Obama: Shooting spree won’t hasten U.S. troop withdrawal from Afghanistan

The White House insisted that U.S. troop withdrawal from Afghanistan will proceed as planned despite growing outrage over the shooting deaths of 16 Afghan civilians, including 9 women and 3 children.

“It’s important for us to make sure that we get out in a responsible way so that we don’t end up having to go back in or deal with al-Qaeda resurgent and potentially launching attacks against us. And so, what we try to do is create a responsible pathway for an exit where by the end – 2014 – we’ll have all our troops out,” President Barack Obama explained in an interview with KDKA.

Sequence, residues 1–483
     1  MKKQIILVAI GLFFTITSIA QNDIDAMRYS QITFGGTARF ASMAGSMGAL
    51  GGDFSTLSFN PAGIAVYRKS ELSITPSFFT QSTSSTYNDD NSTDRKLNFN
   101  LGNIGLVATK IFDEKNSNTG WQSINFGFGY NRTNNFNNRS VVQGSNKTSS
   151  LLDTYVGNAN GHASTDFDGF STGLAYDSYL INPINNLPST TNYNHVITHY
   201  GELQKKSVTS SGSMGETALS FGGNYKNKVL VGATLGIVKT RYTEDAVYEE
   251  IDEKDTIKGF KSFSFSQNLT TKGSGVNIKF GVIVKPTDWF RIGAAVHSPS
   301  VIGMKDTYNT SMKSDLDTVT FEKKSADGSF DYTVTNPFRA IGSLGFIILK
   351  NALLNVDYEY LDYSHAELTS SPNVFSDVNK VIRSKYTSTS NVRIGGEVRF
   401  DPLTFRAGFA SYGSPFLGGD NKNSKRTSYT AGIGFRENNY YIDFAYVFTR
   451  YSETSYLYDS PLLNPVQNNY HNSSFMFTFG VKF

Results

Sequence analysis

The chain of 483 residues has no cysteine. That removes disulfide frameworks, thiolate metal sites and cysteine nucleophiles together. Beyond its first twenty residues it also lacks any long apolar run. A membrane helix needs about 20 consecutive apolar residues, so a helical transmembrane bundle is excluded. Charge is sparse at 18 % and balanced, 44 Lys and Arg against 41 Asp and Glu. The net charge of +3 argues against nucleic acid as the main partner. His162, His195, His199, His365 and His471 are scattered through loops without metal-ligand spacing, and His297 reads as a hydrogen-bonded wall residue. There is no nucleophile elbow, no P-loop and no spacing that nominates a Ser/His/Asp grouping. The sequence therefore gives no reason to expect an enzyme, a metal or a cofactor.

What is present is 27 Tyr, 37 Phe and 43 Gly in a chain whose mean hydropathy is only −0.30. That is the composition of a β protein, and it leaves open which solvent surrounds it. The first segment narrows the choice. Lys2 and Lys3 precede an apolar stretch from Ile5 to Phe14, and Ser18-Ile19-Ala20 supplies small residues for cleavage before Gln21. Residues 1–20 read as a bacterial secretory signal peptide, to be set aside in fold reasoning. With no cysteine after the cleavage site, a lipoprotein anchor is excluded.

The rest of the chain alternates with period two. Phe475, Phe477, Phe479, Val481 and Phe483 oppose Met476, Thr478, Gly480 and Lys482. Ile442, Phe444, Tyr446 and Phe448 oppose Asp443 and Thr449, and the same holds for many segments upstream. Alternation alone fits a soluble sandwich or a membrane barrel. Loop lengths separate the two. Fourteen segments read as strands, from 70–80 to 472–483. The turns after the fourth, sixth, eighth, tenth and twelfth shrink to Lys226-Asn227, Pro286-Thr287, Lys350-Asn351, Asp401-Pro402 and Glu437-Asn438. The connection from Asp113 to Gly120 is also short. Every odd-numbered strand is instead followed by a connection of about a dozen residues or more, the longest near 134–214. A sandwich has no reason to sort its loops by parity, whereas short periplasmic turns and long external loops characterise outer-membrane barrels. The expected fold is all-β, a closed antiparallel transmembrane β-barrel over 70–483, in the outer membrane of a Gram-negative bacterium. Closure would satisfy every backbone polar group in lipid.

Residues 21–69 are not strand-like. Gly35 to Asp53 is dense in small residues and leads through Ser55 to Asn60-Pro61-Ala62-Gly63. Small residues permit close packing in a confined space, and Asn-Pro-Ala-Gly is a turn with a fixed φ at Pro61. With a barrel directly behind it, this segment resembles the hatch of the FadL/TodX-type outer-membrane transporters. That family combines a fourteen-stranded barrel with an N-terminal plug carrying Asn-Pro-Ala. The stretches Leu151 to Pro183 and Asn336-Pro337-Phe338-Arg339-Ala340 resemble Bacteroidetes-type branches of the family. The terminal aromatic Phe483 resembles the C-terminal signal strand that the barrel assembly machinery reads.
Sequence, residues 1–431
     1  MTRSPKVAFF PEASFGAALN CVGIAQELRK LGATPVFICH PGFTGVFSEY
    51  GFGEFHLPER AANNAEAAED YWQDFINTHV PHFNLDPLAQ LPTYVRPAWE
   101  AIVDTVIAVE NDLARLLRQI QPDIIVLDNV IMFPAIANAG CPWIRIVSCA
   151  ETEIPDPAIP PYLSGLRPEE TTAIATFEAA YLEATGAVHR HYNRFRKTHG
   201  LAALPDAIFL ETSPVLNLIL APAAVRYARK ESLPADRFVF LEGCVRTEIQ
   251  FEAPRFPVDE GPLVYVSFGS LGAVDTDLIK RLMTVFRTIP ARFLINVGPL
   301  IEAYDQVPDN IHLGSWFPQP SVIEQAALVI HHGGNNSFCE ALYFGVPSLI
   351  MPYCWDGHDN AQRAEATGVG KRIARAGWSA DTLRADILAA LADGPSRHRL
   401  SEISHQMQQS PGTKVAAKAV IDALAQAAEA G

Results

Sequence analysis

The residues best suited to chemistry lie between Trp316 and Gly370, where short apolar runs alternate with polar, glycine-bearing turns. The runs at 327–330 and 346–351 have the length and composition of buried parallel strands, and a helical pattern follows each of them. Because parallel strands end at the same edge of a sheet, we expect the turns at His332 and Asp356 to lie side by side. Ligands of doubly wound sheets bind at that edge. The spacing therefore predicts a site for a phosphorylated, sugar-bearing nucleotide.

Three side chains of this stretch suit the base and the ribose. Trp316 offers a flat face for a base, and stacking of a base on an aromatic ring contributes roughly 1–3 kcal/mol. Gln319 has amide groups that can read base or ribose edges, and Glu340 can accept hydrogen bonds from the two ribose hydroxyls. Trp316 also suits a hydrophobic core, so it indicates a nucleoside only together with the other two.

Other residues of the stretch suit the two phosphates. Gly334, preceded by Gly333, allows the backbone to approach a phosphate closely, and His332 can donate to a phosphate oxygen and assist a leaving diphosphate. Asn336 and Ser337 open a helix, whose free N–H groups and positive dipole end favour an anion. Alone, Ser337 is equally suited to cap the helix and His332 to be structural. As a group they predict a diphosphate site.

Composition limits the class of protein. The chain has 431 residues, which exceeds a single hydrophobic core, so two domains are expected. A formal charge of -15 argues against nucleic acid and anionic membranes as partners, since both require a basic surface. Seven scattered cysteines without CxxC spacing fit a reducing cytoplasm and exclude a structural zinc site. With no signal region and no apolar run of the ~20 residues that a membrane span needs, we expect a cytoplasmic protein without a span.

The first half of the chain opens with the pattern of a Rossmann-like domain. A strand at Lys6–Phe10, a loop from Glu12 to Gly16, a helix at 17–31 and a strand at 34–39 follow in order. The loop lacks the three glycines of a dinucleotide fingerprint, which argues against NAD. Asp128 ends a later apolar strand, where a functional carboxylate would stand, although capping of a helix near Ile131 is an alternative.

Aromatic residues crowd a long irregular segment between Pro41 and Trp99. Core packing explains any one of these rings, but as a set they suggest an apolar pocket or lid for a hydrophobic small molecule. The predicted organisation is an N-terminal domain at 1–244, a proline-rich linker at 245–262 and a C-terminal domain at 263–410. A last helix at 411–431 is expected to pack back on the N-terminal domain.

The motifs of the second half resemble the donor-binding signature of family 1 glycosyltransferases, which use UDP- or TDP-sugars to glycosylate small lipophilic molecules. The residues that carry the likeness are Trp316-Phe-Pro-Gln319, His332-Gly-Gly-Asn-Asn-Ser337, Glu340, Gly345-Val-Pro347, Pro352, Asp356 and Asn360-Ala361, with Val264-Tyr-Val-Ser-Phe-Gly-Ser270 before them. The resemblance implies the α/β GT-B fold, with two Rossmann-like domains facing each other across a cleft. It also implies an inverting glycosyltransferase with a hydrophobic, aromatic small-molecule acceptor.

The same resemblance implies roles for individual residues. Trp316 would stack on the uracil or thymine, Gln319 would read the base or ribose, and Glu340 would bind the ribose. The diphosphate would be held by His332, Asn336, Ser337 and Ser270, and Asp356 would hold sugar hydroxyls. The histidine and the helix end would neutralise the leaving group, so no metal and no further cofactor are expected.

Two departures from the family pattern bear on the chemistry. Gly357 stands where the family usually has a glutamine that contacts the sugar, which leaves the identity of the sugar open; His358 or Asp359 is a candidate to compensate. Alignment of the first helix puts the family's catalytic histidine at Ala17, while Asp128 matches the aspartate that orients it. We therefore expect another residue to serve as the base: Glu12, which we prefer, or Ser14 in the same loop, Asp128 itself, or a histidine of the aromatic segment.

Read more: Obama, Panetta condemn rampage that killed 16 Afghan civilians

The shooting spree by an American soldier in Kandahar have sparked angry public protests and worsened tensions between the U.S. and Afghanistan.

The two countries have struggled to repair strained relations since January when a video showing U.S. troops allegedly urinating on Taliban corpses surfaced online.

Weeks later, reports of inadvertent Koran burnings by NATO troops at Bagram Airbase prompted violent retaliations, including the shooting death of two U.S. officers inside the Afghan Interior Ministry and a grenade attack that wounded seven U.S. military advisers at a NATO base.

“We’ve had a difficult and complex few weeks in Afghanistan. That is obvious to everyone,” said Secretary of State Hillary Clinton.

These incidents have undermined U.S. and NATO credibility and fueled support for the Taliban’s anti-American campaign. The Taliban’s resurgence would destabilize the already precarious security situation in Afghanistan, dealing a major setback to the U.S. counter-terrorism efforts.

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